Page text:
The liver is the primary site for metabolism. Liver contains the necessary enzymes for metabolism of drugs and other xenobiotics. These enzymes induce two metabolism pathways: Phase I (functionalization reactions) and Phase II (biosynthetic reactions) metabolism.
Where does Phase 2 metabolism occur?
Conjugation. Glucuronidation, the most common phase II reaction, is the only one that occurs in the liver microsomal enzyme system. Glucuronides are secreted in bile and eliminated in urine. Thus, conjugation makes most drugs more soluble and easily excreted by the kidneys.
What is the difference between Phase 1 and Phase 2 metabolism?
Phase I reactions of drug metabolism involve oxidation, reduction, or hydrolysis of the parent drug, resulting in its conversion to a more polar molecule. Phase II reactions involve conjugation by coupling the drug or its metabolites to another molecule, such as glucuronidation, acylation, sulfate, or glicine.
Do all drugs undergo Phase 1 and Phase 2 metabolism?
This is called conjugation and the product is called a conjugate. Metabolites formed in phase 2 are unlikely to be pharmacologically active. Some drugs undergo either phase 1 or phase 2 metabolism, but most undergo phase 1 metabolism followed by phase 2 metabolism.
What are the two phases of metabolism?
Metabolism is often divided into two phases of biochemical reaction – phase 1 and phase 2. Some drugs may undergo just phase 1 or just phase 2 metabolism, but more often, the drug will undergo phase 1 and then phase 2 sequentially.
What is involved in Phases I and II of biotransformation?
The first phase involves oxidations, reductions or hydrolyses or a combination of any of these three, and for convenience these may be termed “phase I reactions”; the second phase (“phase II reactions”) consists of synthesis, mainly conjugations such as glucuronide, ethereal sulphate, thiocyanate, and hippuric acid …
What are the two routes by which drugs can be eliminated into the system?
Renal excretion is the most common route of drug elimination. However, many drugs are excreted into bile via the liver and some volatile substances (primarily gaseous anesthetics) can be excreted via the lungs.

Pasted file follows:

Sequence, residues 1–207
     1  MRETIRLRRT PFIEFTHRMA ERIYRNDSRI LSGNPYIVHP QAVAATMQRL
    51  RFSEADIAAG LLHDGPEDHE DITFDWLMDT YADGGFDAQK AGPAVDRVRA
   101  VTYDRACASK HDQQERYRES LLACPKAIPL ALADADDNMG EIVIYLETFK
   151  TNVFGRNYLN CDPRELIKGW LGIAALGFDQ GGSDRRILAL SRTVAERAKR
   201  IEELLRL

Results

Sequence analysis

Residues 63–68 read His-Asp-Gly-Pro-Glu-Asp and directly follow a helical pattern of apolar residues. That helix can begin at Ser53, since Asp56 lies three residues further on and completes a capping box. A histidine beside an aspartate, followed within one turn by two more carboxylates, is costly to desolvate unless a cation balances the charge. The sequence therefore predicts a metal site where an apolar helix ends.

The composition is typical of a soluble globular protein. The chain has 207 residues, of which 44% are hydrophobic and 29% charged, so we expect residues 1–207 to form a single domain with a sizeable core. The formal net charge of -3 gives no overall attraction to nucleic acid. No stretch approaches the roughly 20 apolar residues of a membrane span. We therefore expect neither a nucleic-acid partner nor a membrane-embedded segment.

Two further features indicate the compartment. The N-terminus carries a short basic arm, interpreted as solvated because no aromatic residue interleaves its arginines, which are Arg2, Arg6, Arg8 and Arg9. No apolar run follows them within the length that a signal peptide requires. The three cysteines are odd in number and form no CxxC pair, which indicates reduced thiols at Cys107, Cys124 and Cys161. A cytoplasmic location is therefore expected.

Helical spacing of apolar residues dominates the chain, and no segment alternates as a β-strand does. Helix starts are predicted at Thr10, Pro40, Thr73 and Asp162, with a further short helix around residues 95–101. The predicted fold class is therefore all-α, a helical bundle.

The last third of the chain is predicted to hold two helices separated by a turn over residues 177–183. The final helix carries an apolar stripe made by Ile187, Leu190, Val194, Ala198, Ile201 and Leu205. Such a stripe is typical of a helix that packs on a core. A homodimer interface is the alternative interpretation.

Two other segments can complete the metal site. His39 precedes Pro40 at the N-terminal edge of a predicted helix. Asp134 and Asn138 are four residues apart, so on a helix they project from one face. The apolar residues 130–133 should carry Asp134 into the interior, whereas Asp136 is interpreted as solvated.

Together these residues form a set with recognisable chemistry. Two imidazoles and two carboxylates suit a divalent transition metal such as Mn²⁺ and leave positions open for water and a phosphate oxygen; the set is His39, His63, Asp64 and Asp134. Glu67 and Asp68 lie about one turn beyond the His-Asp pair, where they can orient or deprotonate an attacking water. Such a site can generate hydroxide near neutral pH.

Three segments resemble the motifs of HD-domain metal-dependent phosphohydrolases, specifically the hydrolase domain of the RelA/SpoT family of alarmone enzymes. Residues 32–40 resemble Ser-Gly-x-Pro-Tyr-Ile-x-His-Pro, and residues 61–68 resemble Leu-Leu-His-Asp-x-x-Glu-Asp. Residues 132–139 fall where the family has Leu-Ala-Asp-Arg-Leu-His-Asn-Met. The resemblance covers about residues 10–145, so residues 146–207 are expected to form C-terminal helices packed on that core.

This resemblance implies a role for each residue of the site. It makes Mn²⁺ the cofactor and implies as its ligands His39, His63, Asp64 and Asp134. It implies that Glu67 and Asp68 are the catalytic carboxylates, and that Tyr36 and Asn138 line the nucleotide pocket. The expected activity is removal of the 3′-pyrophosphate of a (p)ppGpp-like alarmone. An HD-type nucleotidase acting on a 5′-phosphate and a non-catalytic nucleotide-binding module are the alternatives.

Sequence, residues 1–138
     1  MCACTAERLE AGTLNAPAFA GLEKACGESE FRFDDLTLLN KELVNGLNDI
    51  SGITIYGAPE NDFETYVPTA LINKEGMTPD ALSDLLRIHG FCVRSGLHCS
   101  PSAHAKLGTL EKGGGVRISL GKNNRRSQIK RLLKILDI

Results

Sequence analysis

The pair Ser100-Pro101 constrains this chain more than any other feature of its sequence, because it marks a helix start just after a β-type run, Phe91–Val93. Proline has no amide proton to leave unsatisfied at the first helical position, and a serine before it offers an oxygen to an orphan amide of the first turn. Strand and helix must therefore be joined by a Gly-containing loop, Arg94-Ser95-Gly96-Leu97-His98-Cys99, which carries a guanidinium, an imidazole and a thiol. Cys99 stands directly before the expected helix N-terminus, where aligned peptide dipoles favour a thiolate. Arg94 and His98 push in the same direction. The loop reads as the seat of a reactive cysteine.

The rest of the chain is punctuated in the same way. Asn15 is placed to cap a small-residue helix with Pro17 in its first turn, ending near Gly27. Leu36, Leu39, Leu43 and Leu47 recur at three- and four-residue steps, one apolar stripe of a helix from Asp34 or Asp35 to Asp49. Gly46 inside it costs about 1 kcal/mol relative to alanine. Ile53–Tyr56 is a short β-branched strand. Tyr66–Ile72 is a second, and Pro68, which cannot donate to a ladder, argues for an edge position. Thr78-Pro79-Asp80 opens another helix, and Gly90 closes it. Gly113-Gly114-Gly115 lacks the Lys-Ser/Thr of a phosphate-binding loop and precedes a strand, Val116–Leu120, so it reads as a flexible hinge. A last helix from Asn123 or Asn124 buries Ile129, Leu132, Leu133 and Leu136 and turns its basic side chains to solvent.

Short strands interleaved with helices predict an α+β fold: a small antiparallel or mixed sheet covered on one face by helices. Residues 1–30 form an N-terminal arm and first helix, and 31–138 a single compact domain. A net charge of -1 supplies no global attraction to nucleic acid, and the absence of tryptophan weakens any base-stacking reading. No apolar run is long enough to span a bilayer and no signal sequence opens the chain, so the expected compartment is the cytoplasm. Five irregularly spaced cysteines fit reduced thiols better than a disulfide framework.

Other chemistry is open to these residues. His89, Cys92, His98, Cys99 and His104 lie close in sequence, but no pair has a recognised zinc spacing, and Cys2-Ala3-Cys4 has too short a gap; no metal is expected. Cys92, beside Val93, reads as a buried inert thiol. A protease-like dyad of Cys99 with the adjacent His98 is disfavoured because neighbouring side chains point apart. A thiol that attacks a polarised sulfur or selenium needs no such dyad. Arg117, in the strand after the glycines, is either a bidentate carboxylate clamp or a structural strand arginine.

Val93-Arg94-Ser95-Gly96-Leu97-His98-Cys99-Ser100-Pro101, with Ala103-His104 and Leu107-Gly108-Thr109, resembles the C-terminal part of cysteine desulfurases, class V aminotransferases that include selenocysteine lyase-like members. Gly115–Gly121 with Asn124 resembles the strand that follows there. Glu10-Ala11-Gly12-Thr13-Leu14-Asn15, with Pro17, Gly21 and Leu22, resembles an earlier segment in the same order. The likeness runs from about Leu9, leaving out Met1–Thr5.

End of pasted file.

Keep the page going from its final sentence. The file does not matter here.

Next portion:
Is first pass metabolism the same as Phase 1?
Phase 1 reactions are often oxidations or hydrolysis reactions, although reductions also occur. In terms of first-pass metabolism in the liver – hydrolysis of pharmacologically inactive esters (prodrugs) to active drugs are important phase 1 reactions.
What is a Phase 1 reaction?
Phase I reactions are broadly grouped into three categories, oxidation, reduction, and hydrolysis. As most small molecule drugs are lipophilic in nature, drug metabolism converts these hydrophobic compounds into more water soluble compounds that can be excreted. Typically, oxidation is the most common phase I reaction.
What happens if a drug is not metabolized?
The substances that result from metabolism (metabolites) may be inactive, or they may be similar to or different from the original drug in therapeutic activity or toxicity. Some drugs, called prodrugs, are administered in an inactive form, which is metabolized into an active form.
What is second pass metabolism?
GC -> Liver. Second-pass metabolism is where the drug comes back to the liver from the circulation.
Does a fast metabolism affect medication?
If your body metabolizes a drug too quickly, you may not get any benefit from the prescribed dose. Your dose may need to be increased to reach a therapeutic effect.
Is Glucuronidation a Phase 2?
Glucuronidation is a well-characterized phase II metabolic pathway that has high capacity and provides rapid drug inactivation via the polar glucuronide metabolites produced.
What is the difference between biotransformation and metabolism?
Biotransformation is the process by which a substance changes from one chemical to another (transformed) by a chemical reaction within the body. Metabolism or metabolic transformations are terms frequently used for the biotransformation process.
What is Glucuronidation metabolism?
Glucuronidation involves the metabolism of parent compound by UDP-glucuronosyltransferases (UGTs) into hydrophilic and negatively charged glucuronides that cannot exit the cell without the aid of efflux transporters.22 мая 2017 г.
What are the factors affecting metabolism?
Your metabolic rate is influenced by many factors – including age, gender, muscle-to-fat ratio, amount of physical activity and hormone function.